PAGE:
In a Battle of the Ave.’s, Northeastern edges BUNovember 12th, 2011 by Matt Whitrock
The Joe Jones era kicked off in exhilarating fashion for Boston University. Unfortunately, the Terriers came up short, losing an overtime thriller 82-74 to crosstown rival Northeastern.
“We can really use this game to get better,” said Jones following his first game as head coach of the Terriers. “I thought our guys showed great promise. They battled back and showed the heart of a champion getting this thing into overtime. And then we had a couple chances here, and if things go our way we’re sitting here smiling.”
Darryl Partin scored 25 points, D.J. Irving 17 and Matt Griffin 11, including a huge 3 to give the Terriers a lead towards the end of regulation and capping a frantic second-half comeback.
Played before a raucous, standing-room-only crowd, the game featured 12 ties and 14 lead changes. Prior to the game, the Terriers raised their banner from last years NCAA Tournament berth into the rafters.
Irving was unstoppable with the ball in his hands, as the Huskies couldn’t stay in front of the 5’8” guard, who for much of the game looked like the best player on the floor.
Irving consistently made something out of nothing with the ball in his hands – blowing by defenders, getting into the lane and to the hoop – despite Northeastern running a host of collapsing zones and junk defenses focused on stopping him first and foremost.
“D.J. Irving is tough to keep out of the lane. When he gets in there he wreaks havoc. We had a couple times we thought we had charges, but he’s just so shifty you can’t really get a good angle on him,” said Northeastern head coach Bill Coen.
Partin showed a new dimension to his game, attacking the basket off the dribble and converting several tough buckets. Griffin shook off early struggles to knock down a huge basket for the Terriers, a top of the key 3 with just over a minute left to give the Terriers a 63-62 lead and complete an 11-point comeback.
But missed free throws, poor offensive shot selection, a lack of an inside game, and the battle of the boards collectively proved to be the Terriers’ undoing in the Battle of Boston.
“We went into the game knowing that was probably going to tell the tale of who was going to win the game – who controlled the backboards – and obviously they did,” said Jones.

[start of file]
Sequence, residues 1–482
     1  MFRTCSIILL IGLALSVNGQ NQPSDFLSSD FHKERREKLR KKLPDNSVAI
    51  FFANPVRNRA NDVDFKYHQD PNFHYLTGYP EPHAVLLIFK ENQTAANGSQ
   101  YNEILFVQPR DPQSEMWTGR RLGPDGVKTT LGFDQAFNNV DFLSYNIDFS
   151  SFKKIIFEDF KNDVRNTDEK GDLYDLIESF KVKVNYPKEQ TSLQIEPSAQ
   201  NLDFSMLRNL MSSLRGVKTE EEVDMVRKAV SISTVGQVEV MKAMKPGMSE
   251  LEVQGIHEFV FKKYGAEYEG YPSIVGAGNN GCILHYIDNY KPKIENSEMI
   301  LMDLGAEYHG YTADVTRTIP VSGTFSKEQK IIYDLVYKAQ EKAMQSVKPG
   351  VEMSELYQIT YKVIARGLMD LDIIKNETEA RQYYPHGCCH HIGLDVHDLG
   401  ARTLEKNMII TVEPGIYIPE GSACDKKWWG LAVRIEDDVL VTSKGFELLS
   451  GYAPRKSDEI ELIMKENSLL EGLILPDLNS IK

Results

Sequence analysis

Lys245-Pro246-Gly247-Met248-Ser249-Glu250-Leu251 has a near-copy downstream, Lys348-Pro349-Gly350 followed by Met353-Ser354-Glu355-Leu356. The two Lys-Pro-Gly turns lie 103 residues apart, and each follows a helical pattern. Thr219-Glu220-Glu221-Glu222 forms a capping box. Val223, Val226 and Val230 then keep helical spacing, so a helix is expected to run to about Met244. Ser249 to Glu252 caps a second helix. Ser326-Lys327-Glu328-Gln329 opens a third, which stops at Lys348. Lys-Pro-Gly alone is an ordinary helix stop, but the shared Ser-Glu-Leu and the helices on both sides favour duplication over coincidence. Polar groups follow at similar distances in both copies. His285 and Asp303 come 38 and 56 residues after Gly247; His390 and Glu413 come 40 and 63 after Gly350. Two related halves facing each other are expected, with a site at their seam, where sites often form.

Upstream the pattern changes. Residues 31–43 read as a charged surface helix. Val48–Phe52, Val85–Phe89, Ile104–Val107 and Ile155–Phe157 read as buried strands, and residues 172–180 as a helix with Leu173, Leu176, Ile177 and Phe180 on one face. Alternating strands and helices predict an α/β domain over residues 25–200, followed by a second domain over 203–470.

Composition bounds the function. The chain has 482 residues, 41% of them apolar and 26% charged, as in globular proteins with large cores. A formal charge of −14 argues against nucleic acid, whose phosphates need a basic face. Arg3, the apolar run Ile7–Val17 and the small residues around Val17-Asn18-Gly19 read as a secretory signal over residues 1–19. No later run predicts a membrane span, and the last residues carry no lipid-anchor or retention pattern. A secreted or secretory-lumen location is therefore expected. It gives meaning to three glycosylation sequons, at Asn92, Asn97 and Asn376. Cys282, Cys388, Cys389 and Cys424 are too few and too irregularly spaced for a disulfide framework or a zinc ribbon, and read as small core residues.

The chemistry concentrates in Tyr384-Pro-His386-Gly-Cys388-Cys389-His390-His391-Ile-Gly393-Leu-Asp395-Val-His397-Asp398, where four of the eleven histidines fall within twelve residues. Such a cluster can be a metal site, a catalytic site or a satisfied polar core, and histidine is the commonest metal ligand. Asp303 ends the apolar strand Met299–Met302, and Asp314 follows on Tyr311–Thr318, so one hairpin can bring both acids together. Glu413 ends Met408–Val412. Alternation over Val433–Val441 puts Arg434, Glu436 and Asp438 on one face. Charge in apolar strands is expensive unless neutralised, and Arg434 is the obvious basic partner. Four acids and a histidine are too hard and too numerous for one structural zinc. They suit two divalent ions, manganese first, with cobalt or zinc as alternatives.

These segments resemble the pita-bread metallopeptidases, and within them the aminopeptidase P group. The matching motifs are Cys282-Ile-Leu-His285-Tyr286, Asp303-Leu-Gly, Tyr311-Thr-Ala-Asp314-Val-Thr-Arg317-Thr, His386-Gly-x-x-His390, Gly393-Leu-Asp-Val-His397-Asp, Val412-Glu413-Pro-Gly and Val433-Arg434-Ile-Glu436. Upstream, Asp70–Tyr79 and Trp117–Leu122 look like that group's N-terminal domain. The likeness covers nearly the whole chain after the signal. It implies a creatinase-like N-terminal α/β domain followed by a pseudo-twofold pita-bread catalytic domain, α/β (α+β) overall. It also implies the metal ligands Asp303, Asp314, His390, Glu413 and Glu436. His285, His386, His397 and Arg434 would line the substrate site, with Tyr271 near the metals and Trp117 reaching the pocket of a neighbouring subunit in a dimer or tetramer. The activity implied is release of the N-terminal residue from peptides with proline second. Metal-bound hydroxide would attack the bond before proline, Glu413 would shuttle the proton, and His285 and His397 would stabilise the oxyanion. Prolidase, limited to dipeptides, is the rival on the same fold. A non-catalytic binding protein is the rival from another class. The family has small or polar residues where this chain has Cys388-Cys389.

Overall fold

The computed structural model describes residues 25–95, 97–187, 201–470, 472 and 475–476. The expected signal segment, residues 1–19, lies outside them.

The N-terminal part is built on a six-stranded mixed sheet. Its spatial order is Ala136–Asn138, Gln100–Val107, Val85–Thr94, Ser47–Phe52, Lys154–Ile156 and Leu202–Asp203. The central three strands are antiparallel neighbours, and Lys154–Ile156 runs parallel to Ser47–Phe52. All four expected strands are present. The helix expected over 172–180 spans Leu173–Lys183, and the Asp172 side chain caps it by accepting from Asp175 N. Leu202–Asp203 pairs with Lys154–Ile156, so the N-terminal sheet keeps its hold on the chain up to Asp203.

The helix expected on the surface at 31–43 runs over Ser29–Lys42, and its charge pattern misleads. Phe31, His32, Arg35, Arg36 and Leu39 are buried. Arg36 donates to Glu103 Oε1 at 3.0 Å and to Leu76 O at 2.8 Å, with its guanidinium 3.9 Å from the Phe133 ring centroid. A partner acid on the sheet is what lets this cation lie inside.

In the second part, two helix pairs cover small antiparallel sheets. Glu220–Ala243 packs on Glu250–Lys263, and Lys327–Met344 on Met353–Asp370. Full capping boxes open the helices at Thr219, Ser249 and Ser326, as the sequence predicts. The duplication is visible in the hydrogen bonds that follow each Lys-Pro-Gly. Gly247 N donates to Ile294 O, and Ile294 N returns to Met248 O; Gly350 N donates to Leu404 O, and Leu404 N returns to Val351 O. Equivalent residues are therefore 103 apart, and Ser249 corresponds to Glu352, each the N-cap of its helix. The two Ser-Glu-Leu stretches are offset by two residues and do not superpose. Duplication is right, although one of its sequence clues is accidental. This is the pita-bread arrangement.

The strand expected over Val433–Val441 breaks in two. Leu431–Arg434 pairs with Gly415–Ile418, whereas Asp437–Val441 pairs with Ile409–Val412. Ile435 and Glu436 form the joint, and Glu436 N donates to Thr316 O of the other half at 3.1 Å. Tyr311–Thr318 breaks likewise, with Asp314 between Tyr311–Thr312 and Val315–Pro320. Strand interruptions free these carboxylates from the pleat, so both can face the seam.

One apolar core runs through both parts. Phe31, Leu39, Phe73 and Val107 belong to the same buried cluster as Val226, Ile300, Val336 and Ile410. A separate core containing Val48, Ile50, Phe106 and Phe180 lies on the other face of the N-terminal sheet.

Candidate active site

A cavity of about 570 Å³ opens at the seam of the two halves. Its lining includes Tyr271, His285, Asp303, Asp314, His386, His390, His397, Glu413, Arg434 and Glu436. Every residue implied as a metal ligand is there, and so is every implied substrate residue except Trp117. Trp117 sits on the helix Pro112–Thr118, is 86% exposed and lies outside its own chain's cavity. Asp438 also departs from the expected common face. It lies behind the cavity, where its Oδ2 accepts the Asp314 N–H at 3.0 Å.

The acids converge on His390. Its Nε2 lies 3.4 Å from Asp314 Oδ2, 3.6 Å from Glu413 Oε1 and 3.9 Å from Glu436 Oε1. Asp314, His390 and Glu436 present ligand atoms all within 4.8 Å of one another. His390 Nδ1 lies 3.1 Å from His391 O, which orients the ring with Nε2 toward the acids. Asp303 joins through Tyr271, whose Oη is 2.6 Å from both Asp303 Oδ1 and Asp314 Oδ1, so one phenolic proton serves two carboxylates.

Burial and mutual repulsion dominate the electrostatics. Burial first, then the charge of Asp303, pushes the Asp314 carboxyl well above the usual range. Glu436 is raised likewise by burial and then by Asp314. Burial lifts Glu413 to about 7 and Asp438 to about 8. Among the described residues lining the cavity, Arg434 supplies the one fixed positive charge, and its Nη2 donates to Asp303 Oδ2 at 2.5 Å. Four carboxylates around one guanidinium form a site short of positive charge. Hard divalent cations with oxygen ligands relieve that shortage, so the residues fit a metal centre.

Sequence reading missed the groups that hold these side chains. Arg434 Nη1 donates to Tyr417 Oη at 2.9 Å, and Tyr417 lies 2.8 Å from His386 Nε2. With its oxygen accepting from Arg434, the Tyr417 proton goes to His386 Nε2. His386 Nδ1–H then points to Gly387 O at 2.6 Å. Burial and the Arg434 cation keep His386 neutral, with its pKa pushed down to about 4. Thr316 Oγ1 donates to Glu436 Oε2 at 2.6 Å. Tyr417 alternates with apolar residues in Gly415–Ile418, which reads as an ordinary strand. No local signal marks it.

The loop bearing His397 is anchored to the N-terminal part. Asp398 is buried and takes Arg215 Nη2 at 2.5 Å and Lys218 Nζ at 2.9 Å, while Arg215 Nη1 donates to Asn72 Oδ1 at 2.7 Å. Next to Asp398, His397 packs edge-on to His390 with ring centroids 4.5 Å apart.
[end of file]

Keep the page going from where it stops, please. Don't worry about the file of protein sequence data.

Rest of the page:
The Terriers couldn’t keep the Huskies off the glass, as Northeastern destroyed BU 52-32 on the boards, including 19 offensive rebounds. The Huskies scored 22 second chance points to BU’s 11.
Sophomore power forward Dominic Morris led the Terriers with 7 rebounds, to go with 8 points, but spent most of the game out of the paint on offense and out of position on defense. Morris was often a step behind on defense, leading to numerous uncontested lay-ups for Husky big-men around the hoop. On offense he scored some key buckets in the paint, but inevitably migrated back to the arc, bombing away to an 0-of-5 line from the perimeter. In overtime, he chucked up a back-breaker. With the Terriers trailing 73-72, and with possession out of a timeout, Morris found himself with the ball in his hands, 1:07 left in the game, and 14 seconds left of the shot clock. With enough time to get the ball back into the hot hands of Irving or Partin, Morris instead chose to fire away from 3-point-land, missing badly, giving the ball – and the game – back to Northeastern.
“You want to be able to play him around the basket more. When you play 4-out, 1-in, he’s on the perimeter a lot. We need to put him in position where he’s around the basket more,” said Jones.
The loss is sure to leave a sour taste in the Terriers mouths, but there were a lot of positives for Jones, first and foremost Irving and Partin’s ability to get to the hoop at will against a long and athletic Northeastern squad. And the Terriers showed great fight to will themselves back into the game after trailing by 11 with under five minutes left in regulation.
But BU must do a better job in the paint, and find a low post scoring option if they are going to return to the NCAA’s this season, and that means Morris must figure it out on the court.
Morris came to Comm Ave last season with a tremendous amount of hype, and showed flashes of brilliance around the hoop, as at 6’5” and 250 pounds he proved to be unstoppable around the hoop when he asserted himself. But far too often, Morris found himself standing around the perimeter on offense instead of establishing position in the low post, appeared to lack effort and intensity on the glass, and was often lost on defense. It was more of the same for Morris on Friday.
It’s early in his career, but Morris is already toeing the dangerous line of being a May-to-October player: looks great in open gyms, but can’t up his competitiveness when the lights go on. He isn’t a good enough shooter to be spending most of his minutes chucking and ducking on the perimeter, and the Terriers need their burliest player around the basket. If he continues to play without enthusiasm – and without using his head – Jones will likely have to look elsewhere (possibly freshman James Kennedy) for frontcourt minutes.
It won’t get any easier for the Terriers, who hit the road for the program’s first ever meeting with Texas on Sunday.